An AGU Reunion


After spending the past five days at the AGU Fall Meeting, it’s now time to take off the fancy blue nametag and head back to St. Olaf for final exams. The meeting was a whirlwind of talks, posters, and conversations with scientists from all over the world, representing fields ranging from paleoceanography to hydrology to geodesy. During Friday’s poster session alone, I talked to someone using Simpson’s Diversity index to model global crop production, someone researching isoprene emissions from tropical rainforests, and someone studying the effects of musk ox grazing on carbon cycling.

While it was great to learn about what’s happening in all of these fields, I have to admit that most of the talks that I sought out were about Arctic system science. I found myself reminiscing about the landscape of larch trees, the crunch of lichen as I walked through Y4, and the network of lakes that looked like big inkblots as we flew over Cherskiy. I miss that place.

(l-r) Karin Sather, Heidi Rodenhizer, Ellen Squires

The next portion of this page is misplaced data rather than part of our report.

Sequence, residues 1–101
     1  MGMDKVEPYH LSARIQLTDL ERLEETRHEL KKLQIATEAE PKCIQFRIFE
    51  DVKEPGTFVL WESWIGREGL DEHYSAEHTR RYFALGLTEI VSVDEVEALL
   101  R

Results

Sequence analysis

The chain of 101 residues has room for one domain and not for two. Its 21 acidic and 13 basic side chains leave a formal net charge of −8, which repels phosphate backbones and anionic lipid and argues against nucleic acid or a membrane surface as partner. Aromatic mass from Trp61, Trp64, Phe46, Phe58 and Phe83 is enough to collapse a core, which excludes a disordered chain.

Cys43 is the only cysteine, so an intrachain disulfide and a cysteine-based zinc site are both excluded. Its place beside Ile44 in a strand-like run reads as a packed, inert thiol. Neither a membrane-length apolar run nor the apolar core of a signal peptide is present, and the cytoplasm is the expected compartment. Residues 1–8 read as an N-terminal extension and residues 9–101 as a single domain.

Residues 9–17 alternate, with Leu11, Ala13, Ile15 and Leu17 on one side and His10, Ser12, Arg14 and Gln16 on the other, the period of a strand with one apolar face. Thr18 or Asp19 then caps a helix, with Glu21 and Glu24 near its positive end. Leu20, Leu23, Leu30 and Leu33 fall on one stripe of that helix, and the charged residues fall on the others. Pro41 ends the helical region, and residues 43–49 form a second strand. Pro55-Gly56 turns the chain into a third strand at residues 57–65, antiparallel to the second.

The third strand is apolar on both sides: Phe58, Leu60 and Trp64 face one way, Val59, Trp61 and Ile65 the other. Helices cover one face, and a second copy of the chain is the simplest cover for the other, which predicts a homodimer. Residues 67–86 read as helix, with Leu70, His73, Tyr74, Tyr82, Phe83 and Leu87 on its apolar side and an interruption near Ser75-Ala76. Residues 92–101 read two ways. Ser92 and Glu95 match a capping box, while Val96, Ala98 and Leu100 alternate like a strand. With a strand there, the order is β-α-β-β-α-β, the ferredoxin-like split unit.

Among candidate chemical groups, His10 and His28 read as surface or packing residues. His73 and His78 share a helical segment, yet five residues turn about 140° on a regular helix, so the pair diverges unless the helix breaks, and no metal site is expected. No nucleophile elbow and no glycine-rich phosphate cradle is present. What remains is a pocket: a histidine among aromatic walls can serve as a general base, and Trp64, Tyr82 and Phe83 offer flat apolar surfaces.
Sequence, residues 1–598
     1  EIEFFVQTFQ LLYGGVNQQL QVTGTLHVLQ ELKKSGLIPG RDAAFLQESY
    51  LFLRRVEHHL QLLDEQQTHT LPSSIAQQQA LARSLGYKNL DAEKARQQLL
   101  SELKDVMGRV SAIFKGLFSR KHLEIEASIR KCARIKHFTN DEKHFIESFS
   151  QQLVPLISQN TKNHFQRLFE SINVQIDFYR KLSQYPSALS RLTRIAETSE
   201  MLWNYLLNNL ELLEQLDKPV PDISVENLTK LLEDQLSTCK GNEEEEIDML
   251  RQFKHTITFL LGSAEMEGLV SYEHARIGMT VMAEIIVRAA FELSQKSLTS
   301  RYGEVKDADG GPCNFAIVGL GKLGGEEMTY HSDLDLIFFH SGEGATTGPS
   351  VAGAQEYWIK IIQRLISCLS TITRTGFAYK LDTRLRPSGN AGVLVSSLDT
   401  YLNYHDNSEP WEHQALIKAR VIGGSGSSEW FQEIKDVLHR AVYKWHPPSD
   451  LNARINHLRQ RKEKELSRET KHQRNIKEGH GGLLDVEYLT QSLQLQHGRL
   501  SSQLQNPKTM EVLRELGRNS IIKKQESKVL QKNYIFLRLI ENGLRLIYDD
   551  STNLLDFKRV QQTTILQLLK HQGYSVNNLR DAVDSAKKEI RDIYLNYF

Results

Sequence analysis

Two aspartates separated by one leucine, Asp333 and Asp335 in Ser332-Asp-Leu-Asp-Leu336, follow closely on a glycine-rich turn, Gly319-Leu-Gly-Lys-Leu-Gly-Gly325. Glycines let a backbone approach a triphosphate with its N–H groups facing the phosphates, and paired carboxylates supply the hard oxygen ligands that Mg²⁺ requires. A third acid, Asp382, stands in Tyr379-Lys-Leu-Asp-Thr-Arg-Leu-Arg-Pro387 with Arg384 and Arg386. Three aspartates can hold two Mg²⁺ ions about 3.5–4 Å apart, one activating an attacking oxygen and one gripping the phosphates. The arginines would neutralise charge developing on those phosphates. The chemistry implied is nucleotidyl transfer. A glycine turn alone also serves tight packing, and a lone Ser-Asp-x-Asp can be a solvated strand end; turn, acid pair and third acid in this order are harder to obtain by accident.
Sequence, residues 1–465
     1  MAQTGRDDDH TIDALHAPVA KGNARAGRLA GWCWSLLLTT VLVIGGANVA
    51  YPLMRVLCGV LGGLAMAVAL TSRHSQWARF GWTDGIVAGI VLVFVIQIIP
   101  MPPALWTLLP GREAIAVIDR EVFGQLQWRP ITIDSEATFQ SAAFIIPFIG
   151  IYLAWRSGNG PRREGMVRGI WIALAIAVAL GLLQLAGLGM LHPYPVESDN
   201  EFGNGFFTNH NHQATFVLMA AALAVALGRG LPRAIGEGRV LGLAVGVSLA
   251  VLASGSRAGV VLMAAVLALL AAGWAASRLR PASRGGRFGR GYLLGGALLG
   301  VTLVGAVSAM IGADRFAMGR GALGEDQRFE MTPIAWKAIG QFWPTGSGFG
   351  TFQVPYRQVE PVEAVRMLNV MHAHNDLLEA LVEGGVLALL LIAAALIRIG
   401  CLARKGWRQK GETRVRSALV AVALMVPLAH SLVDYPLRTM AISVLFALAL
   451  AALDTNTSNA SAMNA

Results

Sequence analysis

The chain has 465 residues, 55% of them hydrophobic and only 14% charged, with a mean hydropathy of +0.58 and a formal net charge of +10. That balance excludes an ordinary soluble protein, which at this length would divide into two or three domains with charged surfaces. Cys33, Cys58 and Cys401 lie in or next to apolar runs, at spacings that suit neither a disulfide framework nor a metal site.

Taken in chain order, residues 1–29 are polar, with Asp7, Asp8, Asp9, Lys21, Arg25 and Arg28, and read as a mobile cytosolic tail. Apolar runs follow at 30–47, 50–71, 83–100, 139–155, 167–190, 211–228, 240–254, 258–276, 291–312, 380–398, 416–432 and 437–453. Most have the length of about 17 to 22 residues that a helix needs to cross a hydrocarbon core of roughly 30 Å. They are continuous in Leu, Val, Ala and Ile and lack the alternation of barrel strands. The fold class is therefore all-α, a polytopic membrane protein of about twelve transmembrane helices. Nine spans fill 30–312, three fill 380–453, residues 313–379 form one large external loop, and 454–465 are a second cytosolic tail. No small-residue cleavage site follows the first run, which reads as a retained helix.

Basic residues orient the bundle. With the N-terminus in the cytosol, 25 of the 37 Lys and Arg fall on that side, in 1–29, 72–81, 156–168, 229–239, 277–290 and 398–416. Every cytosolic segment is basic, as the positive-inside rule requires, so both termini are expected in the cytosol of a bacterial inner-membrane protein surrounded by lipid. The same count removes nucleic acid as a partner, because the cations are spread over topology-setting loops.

(l-r) Karin Sather, Heidi Rodenhizer, Ellen Squires



Presenting our poster reminded me about how important Arctic research is, too. And I felt really proud to be a part of it. I also felt proud to call myself a member of the Polaris Project. As a group, we had a strong presence at AGU, and each Polaris presentation was attended by a large crowd of familiar faces. We come from many different places—the Netherlands, Fairbanks, Cherskiy, Washington, Minnesota—but we all have this incredible shared experience. We were brought together by a love of science and a willingness to chase it all the way to the Arctic. And, if AGU taught me something, it’s that the science we love—Arctic system science, that is—is not going away anytime soon.